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Students link response time to teaching quality

The time it takes a university to respond to emails and enquires from international students affects how they view the institution’s overall teaching quality, according to a recent survey of more than 40,000 prospective students.

Lee Kong Chian lecture theatre at Singapore's Nanyang Technological University. Volume of face-to-face teaching time and modern lecture facilities were also factors affecting students' perceptions of teaching quality. Photo: teddy-rised.

52% of survey respondents said they desired a response to their enquiry within 24 hours

When asked which factors indicate that a university provides quality teaching, 63% of respondents said “if the university responds quickly to my enquiry/emails”.

Over half (52%) of survey respondents said they desired a response to their enquiry within 24 hours and only 15% said they would be satisfied with a response longer than three days.

The responses are shown in Hobsons Solutions’ International Student Survey 2016 which received 43,000 responses from students around the globe.

“It has a wider impact than just how you are at administration”

Jamie Laird, head of market intelligence at Hobsons EMEA, said in the eyes of students, response times are a reflection of the university as a whole.

“It goes down to the level of how you engage with prospective students and whether you’re on top of communications and responding quickly but it has a wider impact than just how you are at administration,” he said. “It has an impact on your brand as a university.”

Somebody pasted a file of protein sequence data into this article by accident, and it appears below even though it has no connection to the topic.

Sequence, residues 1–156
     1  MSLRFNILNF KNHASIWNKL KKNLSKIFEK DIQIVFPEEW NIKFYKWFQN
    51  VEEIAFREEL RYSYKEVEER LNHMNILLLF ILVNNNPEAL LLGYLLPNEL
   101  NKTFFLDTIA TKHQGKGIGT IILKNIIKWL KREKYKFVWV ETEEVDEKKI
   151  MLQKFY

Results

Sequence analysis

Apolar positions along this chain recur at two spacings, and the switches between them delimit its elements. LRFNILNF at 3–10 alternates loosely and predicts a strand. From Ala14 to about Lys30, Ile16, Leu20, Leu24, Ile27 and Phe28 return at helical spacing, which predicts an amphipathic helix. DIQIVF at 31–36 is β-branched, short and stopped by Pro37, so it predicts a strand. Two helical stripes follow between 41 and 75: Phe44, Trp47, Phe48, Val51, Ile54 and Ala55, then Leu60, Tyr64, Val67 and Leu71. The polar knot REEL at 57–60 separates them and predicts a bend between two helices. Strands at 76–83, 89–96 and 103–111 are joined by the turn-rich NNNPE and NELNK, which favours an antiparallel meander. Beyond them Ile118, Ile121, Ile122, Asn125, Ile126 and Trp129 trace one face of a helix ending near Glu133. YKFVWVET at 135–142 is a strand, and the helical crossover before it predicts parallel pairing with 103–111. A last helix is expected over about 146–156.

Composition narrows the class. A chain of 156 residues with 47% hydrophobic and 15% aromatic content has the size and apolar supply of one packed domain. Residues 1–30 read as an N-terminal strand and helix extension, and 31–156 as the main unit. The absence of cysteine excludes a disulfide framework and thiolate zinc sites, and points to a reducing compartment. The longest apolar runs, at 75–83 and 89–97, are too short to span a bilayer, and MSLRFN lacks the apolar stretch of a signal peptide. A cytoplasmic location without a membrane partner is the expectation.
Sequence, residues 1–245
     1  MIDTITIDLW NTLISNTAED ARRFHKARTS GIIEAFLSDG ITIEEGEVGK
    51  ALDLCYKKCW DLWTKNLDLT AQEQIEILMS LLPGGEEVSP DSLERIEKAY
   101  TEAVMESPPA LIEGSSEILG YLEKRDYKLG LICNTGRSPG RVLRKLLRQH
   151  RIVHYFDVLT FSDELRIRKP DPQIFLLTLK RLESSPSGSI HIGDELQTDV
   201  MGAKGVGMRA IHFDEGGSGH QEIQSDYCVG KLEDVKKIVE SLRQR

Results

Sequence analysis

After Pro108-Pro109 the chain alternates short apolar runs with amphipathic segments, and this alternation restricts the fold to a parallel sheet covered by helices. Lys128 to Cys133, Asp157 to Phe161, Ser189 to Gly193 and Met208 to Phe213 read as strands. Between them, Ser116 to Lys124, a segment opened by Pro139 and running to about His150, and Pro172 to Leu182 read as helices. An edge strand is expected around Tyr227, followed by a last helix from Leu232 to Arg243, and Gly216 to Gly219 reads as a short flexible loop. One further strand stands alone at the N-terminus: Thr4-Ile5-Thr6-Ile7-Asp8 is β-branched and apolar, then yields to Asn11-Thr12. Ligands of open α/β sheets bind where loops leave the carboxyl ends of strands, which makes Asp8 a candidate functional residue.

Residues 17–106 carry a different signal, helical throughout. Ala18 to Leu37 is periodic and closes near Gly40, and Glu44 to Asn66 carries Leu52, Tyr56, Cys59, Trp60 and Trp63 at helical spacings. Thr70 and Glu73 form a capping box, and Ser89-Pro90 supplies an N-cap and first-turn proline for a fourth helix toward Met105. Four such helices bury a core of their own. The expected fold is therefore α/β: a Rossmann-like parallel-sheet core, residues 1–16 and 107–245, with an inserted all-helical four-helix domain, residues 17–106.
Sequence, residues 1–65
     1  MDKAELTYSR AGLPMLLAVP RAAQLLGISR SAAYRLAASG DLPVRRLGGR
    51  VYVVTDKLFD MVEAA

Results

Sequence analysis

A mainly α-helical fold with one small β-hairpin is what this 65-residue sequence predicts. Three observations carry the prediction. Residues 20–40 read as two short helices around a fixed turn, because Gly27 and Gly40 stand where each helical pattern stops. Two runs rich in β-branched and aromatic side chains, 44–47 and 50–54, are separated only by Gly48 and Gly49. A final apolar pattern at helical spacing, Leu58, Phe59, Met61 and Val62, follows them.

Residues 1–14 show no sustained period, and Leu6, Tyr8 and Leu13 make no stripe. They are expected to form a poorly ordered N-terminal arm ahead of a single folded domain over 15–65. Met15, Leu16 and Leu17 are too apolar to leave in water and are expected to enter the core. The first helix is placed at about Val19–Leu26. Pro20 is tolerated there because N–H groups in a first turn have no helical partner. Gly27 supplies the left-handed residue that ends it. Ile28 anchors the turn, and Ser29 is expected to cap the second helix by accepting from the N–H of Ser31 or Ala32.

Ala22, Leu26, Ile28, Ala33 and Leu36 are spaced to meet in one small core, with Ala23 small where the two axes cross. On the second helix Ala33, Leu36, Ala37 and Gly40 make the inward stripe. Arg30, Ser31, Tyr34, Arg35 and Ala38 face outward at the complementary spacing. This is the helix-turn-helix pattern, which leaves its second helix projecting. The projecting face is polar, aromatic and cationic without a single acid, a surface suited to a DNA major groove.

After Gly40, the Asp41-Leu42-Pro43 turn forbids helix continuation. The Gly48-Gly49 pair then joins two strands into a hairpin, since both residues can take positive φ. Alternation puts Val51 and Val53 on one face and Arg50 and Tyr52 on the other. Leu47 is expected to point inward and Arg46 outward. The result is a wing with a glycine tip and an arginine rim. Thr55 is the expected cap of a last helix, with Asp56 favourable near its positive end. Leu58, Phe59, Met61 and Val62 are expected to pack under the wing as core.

Other factors affecting the perception of quality teaching were topped by whether or not the teaching staff are highly qualified, the university’s global ranking, if it has a high volume of face-to-face teaching time and if it has a high graduate employment rate.

The annual report argues that universities need to improve their digital marketing activity to be more efficient at communicating with potential students and to expand student recruitment beyond major source markets like China, Nigeria and India.

Increasingly, digital marketing is evolving past easy-to-navigate websites to more data-driven, personalised recruitment, the report says.

88% of students said they would be interested in live chatting and real time messaging

Survey results show that depending on the region, phone calls are an important method of communication for students, but globally, 88% of students said they would be interested in live chatting and real time messaging.

Social messaging platforms like WeChat, WhatsApp and Facebook messenger also present opportunities for universities to personalise their interaction with students.

Just over 10% of survey respondents said they would like to receive social messages from a university (48% prefer email, 30% phone and 25% letters). But 94% of Nigerians students use WhatsApp, 97% of Chinese students use WeChat and 70% of US students use Snapchat.

Laird says these platforms fill the space between email and phone calls. “These text-based communications affect so many students because they’re not as formal as writing an email and we find that a lot of students when you phone them won’t answer or they feel awkward about the phone conversation,” he said.

“It’s difficult to get that easy, frank conversation going but you can over these text channels because people feel more at home.”

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